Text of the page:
June Books

I wrote a lovely long post about books yesterday, uploaded it, and . . . it disappeared.  And then I wrote most of it again, and lost it again — I think in both cases my internet connection cut out just as I was saving the draft.  Alas.  Which means this will be a bit shorter than I’d planned, as I’m going to go to the gym and if I leave it longer I will be sad with myself.  Still, I wanted to say: isn’t it cool the people at the Large Hadron Collider may have found the Higgs boson?  I need to read up on the Standard Model, but how amazing it is that people can look into the hearts of atoms and see what it is that makes matter material.

There is a staggering lack of science among the books I read in June, as I now note.  Well, I can remedy that this month if I try.  At the Atlantic Theological Conference someone asked the room how many people owned A Brief History of Time — I put up my hand — when asked whether we’d finished it, I was ashamed to have to put my hand down again.  I read half of it in grade eight, and about 2/3 of it some years ago when I thought I’d better try again, but I don’t recall finishing it that time and in my method of accounting, that means I didn’t.  It’ll go on my pile to be read this month.

So, a little late, but nevertheless: here are my June books. Underlined for those new to me, with some comments in case you’re interested in following up on any of them.

Present Concerns, C.S. Lewis (to help me prepare for the theological conference);

The Iliad or the Poem of Force, Simone Weil (loaned me by my neighbours, and still needing to be returned; interesting and short, if decidedly mid-twentieth-century in tone);

Ella Enchanted, Gail Carson Levine (bought at the junior high’s yard sale);

King of the Wind, Marguerite Henry (bought at the same yard sale, this was one of my favourite childhood books and was still a delightful read);

So Long, and Thanks for all the Fish, Douglas Adams (continuing my reading of the Hitchhikers’ Guide to the Galaxy from the end of May);

Eight Skilled Gentlemen, Barry Hughart (bought online when I acquired A Pattern Language; a comic romp through ‘an ancient China that never was but ought to have been’, as the blurb put it aptly);

An American Childhood, Annie Dillard (not quite as good as Pilgrim at Tinker Creek, but solidly enjoyable and interesting; bought in Toronto in March, if I remember correctly);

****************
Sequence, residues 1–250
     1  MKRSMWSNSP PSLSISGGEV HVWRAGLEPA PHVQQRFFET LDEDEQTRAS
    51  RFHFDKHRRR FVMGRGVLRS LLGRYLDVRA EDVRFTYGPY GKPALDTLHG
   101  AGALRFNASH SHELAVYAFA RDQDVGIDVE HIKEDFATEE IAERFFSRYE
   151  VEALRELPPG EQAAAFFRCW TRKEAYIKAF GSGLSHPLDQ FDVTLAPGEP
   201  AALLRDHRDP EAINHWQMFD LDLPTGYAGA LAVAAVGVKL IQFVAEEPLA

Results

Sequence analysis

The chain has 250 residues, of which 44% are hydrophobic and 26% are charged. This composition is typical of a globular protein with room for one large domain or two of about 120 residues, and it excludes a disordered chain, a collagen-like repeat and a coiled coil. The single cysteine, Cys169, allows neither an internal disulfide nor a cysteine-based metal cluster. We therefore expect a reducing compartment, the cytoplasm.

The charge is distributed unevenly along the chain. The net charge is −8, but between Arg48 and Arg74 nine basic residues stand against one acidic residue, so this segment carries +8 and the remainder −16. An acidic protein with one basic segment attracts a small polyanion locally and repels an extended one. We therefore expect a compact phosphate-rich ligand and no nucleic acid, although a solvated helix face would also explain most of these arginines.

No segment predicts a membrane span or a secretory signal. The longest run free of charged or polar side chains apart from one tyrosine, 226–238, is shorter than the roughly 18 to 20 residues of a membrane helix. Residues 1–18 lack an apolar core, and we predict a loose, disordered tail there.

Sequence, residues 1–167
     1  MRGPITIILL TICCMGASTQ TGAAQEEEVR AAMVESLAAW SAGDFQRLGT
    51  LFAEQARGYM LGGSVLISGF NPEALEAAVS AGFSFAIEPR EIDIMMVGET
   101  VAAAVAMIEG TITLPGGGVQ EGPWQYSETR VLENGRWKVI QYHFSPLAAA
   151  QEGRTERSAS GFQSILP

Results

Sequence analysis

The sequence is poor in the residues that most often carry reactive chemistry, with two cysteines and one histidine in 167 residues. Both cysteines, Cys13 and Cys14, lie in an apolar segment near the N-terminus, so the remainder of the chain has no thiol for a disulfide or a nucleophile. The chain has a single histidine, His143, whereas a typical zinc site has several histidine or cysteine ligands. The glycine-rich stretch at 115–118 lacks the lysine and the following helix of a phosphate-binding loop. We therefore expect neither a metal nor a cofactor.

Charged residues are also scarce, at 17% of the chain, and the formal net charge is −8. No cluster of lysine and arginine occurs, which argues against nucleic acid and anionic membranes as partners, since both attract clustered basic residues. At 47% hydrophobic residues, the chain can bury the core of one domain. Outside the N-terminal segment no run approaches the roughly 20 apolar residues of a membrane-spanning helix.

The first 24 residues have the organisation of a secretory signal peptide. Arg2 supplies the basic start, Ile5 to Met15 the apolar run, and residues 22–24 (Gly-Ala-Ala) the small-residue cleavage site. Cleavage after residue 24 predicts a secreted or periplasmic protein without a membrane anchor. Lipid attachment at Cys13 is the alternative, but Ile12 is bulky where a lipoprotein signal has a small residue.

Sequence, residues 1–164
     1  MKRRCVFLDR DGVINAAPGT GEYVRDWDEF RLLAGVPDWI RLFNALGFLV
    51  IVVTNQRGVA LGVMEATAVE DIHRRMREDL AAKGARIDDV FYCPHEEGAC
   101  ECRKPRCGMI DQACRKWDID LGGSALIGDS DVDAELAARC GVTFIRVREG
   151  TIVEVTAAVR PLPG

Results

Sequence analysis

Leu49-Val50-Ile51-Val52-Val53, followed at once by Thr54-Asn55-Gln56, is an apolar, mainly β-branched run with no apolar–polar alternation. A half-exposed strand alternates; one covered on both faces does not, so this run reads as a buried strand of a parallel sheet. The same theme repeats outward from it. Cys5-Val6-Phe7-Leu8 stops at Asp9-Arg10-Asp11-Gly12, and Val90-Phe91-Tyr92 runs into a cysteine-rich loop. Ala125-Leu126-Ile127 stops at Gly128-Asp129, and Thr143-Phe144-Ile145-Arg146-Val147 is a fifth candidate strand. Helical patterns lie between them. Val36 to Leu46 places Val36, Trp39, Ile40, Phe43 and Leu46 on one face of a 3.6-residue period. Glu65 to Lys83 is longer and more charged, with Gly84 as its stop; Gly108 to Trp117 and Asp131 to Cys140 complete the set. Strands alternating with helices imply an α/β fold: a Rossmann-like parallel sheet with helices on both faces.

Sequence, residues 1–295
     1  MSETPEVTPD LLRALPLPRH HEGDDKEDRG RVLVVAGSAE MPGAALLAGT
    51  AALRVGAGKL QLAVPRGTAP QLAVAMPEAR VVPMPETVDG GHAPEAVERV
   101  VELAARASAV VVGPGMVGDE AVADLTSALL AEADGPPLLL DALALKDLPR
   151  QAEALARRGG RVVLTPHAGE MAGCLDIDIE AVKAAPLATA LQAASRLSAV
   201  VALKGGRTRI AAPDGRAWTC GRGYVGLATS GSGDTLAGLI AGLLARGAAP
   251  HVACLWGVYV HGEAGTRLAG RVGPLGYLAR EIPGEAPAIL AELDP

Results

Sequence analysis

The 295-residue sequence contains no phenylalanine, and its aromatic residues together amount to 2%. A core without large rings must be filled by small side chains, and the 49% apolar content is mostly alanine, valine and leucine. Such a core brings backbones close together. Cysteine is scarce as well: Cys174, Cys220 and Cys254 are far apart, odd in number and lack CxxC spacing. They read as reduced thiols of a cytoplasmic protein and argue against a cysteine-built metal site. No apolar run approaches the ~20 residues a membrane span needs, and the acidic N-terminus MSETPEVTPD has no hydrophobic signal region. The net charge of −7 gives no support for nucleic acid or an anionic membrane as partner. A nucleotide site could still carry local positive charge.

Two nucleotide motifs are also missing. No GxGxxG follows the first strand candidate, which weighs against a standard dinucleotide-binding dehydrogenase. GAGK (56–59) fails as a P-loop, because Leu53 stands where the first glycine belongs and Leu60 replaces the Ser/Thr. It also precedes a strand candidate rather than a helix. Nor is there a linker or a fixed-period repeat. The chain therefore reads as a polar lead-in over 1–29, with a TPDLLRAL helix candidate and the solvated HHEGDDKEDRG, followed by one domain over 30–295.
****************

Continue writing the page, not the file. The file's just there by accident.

Writing and Being, Nadine Gordimer (also bought in Toronto but I think last fall; by a South African Nobel Prize-winner, superb both for the essays and for their interconnected structure, which you don’t often see in a collection of essays);

Talking About Detective Fiction, P.D. James (inspired by Writing and Being, I borrowed several books on writing from the library; this one gave me a list of detective novels to go try);

On Becoming a Novelist, John Gardner (library; one of the better writing books, just what I wanted to read at this stage in my life; recommended);

Fern-Seed and Elephants, C.S. Lewis;

The Hobbit, J.R.R. Tolkien;

No More Sleepless Nights, Peter Hauri and Shirley Linde (bought from Value Village, and seemingly helpful with my sleeping habits);

The Lord of the Rings, J.R.R. Tolkien (for the . . . eighth time?  Not sure, I’ve read this so often.  I think it counts as three books for this month, though);

Book of a Thousand Days, Shannon Hale (this and the next four were all borrowed from the library on the recommendation of The Book Smugglers; I enjoyed them all);

The Rose Revived, Katie Fforde (a romance, thus broaching the dyke in my reading of that genre, already weakened by my delight in the movie Romancing the Stone, which I enjoyed way too much);

Resenting the Hero, Moira J. Moore (silly and delightful, pleasingly the first in a series — less pleasingly, my library doesn’t have any of the others except the fourth; I’ll keep an eye out for them in used book stores);

Jasmyn, Alex Bell (a modern fairy tale involving swan princesses and Neuschwanstein and violins; very good);

Just the Sexiest Man Alive, Julie James (another romance, this one involving a movie star and the sexual harassment lawyer who ends up helping him with a film against her will; not very well written overall, but I enjoyed it a great deal and actually read it again yesterday, but that’ll go in the July books list);

The Well-Tempered Critic, Northrop Frye (from the library; reminding me that I want to read more of his work on and of criticism, since it is both enjoyable and instructive to read);

Get Real, Donald E. Westlake (from the library, alas, since it’s difficult to find Westlake’s books; the newest Dortmunder novel, a crime caper that in this case also involves reality tv);

Writing Life, ed. Constance Rooke (bought used in Charlottetown last week; an excellent series of essays on writing and the writing life, mostly by Canadian writers, that helped me make a friend at the Atlantic Theological Conference, which was a bonus I wasn’t expecting of being early one day with a book to hand).

There!  I think I managed to do that without losing the text again.  Twenty-four books this month, of which fifteen were new, five of which were ones I own — a goodly amount, though lessened on the reflection that I bought three of those during the course of the month.  I’m still working through my bookcase, though!


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